Launched in June 2010 by the coalition government, the NI “holiday scheme” was aimed at cutting staffing costs for newly-established businesses outside London and the south-east of England. Eligible firms do not have to pay NI contributions for their first ten employees, with a maximum saving of £5,000 per staff member in their first year.
However, Campbell Dallas tax partner Aileen Scott said the initiative, which is due to end in September, has failed to live up to its promise and too few companies have benefited from it.
Scott said the number of businesses requesting an NI contribution holiday fell to just 400 in December, down 56 per cent from the same month a year ago, and less than a fifth of the 2,235 applications received at the scheme’s peak in October 2011.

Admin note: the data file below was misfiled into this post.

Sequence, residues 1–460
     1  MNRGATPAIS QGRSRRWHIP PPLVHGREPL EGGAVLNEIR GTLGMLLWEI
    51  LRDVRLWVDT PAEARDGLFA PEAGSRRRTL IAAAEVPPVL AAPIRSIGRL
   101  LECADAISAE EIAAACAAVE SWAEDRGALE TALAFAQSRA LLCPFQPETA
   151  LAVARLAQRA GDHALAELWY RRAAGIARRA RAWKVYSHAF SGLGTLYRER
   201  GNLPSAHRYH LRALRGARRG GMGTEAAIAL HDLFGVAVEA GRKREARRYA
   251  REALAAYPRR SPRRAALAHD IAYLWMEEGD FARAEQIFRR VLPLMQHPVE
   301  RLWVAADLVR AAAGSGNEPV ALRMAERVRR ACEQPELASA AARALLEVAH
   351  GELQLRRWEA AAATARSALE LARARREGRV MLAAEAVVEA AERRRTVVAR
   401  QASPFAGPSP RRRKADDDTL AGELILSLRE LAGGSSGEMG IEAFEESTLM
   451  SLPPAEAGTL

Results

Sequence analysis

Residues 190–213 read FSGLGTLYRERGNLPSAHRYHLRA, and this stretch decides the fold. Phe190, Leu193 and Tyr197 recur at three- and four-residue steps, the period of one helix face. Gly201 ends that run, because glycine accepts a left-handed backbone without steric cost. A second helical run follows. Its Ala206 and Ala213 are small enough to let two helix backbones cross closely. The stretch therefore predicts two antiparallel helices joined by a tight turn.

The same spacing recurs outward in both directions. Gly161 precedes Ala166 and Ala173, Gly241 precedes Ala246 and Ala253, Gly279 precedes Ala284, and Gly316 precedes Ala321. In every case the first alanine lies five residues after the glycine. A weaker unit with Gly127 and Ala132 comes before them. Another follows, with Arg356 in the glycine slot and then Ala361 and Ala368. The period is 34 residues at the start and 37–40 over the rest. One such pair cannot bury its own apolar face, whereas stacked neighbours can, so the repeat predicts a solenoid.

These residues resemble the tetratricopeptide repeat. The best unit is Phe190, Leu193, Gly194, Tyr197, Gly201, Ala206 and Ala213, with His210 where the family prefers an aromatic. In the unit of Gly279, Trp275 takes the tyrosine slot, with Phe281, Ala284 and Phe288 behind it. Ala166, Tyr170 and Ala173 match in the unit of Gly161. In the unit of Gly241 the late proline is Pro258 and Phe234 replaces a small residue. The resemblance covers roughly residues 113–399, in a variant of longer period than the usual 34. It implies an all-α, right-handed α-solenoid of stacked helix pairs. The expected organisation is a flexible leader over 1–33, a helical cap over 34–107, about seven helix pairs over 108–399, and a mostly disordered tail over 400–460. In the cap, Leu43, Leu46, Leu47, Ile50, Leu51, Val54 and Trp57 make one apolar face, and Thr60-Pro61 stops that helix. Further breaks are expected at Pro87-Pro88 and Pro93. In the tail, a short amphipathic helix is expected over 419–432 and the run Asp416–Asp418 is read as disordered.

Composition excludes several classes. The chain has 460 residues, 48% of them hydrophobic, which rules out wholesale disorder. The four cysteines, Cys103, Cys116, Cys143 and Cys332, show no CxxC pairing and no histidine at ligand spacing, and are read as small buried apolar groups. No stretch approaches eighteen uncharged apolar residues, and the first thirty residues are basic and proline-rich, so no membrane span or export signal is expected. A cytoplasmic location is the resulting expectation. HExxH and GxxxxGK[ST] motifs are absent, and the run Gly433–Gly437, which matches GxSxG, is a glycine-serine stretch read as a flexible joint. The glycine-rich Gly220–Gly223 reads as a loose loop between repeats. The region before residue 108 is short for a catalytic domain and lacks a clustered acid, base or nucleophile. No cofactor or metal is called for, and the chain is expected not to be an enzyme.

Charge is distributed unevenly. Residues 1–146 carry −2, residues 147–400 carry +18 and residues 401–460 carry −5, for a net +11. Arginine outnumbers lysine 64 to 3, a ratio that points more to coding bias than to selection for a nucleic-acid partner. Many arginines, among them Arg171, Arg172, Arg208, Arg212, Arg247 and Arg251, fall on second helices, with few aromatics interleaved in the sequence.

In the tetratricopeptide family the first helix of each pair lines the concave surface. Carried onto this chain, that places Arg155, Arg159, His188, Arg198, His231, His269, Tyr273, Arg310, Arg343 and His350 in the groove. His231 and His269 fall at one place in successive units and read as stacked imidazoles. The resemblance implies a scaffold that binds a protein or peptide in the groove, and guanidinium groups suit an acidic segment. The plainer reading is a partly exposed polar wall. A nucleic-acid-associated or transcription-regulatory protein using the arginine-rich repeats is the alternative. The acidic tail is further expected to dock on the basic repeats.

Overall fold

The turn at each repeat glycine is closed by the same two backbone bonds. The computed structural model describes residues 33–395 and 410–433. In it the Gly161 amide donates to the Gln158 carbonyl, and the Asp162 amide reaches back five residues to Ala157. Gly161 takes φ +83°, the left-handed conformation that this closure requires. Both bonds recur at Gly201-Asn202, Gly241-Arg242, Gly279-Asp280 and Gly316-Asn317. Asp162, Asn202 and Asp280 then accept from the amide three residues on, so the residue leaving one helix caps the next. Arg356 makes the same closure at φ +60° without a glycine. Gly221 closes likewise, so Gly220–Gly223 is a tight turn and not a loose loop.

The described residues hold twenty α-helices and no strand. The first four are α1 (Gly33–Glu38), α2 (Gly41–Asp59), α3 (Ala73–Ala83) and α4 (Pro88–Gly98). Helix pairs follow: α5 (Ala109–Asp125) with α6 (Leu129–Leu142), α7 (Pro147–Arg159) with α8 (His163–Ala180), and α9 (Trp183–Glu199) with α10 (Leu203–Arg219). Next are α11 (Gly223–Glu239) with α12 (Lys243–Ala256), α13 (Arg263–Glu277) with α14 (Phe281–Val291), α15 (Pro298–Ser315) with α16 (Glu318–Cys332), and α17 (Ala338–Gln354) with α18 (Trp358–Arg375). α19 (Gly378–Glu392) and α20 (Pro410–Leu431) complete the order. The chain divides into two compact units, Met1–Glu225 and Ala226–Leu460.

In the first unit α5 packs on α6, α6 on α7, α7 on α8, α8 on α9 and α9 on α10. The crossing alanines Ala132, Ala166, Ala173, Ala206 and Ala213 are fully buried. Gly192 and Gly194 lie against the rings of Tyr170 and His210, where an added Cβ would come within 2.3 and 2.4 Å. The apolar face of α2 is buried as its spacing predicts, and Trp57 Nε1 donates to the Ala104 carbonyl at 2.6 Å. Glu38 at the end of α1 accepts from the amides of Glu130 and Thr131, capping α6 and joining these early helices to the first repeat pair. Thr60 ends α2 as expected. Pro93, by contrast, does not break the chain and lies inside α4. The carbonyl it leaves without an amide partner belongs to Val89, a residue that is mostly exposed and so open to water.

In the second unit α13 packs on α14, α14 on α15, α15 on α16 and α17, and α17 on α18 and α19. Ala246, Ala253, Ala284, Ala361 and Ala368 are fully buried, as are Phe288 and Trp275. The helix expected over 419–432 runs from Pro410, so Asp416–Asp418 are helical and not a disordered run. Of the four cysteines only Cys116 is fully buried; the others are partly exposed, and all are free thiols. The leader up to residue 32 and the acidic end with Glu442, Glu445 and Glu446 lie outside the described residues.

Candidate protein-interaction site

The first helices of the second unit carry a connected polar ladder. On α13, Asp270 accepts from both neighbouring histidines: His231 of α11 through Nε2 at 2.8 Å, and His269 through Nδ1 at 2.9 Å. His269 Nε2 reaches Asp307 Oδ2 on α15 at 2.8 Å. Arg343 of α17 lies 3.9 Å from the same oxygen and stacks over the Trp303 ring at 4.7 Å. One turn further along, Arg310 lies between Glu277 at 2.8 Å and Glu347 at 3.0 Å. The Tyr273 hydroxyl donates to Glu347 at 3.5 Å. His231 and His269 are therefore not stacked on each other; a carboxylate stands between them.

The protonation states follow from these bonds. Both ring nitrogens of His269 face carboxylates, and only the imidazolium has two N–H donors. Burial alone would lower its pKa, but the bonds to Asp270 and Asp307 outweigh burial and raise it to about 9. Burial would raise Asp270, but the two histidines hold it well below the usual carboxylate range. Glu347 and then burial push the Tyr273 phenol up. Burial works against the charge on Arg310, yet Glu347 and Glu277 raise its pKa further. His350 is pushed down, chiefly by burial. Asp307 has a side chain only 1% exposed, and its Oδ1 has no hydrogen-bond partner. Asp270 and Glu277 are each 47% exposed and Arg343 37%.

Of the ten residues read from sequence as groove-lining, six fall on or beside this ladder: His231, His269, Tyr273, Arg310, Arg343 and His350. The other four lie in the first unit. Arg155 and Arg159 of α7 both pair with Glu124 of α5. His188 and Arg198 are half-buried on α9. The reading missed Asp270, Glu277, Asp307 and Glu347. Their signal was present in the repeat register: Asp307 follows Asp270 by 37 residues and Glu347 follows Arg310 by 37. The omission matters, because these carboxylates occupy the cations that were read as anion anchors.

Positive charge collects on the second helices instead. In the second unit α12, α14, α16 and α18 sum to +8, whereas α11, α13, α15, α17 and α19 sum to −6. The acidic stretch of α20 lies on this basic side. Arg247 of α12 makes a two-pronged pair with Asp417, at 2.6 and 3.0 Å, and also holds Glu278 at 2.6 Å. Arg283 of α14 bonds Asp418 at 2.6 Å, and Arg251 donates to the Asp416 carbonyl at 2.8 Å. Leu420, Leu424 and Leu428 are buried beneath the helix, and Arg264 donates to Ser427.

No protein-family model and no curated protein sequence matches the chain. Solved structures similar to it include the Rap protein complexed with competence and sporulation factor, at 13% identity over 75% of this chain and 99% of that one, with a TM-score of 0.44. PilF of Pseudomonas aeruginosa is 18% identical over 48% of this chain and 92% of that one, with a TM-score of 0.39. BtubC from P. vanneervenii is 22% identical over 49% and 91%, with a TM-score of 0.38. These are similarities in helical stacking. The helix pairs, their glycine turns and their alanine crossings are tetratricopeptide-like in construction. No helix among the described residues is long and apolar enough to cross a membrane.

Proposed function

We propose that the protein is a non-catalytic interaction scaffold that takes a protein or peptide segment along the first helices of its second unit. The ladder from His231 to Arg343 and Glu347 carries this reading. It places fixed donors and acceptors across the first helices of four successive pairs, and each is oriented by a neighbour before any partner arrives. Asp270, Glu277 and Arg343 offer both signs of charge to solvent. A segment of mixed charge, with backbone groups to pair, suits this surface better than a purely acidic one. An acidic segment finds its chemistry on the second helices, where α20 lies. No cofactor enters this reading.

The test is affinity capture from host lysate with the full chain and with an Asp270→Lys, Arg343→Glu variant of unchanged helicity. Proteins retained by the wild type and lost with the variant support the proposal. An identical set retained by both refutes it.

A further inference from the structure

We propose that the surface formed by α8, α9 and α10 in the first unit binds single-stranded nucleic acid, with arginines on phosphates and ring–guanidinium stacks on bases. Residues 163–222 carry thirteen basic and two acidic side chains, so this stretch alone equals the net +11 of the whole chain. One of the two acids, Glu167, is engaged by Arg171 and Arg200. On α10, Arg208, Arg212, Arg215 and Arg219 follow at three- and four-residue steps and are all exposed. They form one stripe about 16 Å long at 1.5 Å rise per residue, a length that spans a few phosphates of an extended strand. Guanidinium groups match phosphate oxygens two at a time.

She said: “Although the scheme was very generous and could have helped a lot of businesses, it was never given the promotion it deserved by the government and was perceived to be complicated.
“As a result, the scheme failed to generate momentum, with many new businesses unaware of its existence.”
Chancellor George Osborne announced in this year’s Budget that he was launching a wider initiative, due to begin in April next year, that will cut £2,000 off the amount of NI every company has to pay, potentially lifting 450,000 small firms out of the “jobs tax” altogether.
But Scott said: “It will be quickly eroded by any increases in NI rates and the added cost burden of the new auto-enrolment pension schemes will also eat away at the value of the allowance.”